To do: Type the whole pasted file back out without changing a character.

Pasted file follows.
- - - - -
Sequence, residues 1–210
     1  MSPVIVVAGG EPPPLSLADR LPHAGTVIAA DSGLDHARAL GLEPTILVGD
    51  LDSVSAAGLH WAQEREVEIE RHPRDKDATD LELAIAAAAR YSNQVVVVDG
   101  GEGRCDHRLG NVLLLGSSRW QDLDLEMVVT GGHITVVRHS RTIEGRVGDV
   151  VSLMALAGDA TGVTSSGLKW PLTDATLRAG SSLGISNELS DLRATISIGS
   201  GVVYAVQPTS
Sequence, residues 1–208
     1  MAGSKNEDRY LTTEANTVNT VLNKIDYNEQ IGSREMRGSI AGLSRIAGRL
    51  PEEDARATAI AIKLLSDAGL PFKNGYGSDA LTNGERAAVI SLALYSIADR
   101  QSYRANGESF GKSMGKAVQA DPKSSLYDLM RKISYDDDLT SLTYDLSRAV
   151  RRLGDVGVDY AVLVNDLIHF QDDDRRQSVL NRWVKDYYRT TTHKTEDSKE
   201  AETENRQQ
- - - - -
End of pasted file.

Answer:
Sequence, residues 1–210
     1  MSPVIVVAGG EPPPLSLADR LPHAGTVIAA DSGLDHARAL GLEPTILVGD
    51  LDSVSAAGLH WAQEREVEIE RHPRDKDATD LELAIAAAAR YSNQVVVVDG
   101  GEGRCDHRLG NVLLLGSSRW QDLDLEMVVT GGHITVVRHS RTIEGRVGDV
   151  VSLMALAGDA TGVTSSGLKW PLTDATLRAG SSLGISNELS DLRATISIGS
   201  GVVYAVQPTS
Sequence, residues 1–208
     1  MAGSKNEDRY LTTEANTVNT VLNKIDYNEQ IGSREMRGSI AGLSRIAGRL
    51  PEEDARATAI AIKLLSDAGL PFKNGYGSDA LTNGERAAVI SLALYSIADR
   101  QSYRANGESF GKSMGKAVQA DPKSSLYDLM RKISYDDDLT SLTYDLSRAV
   151  RRLGDVGVDY AVLVNDLIHF QDDDRRQSVL NRWVKDYYRT TTHKTEDSKE
   201  AETENRQQ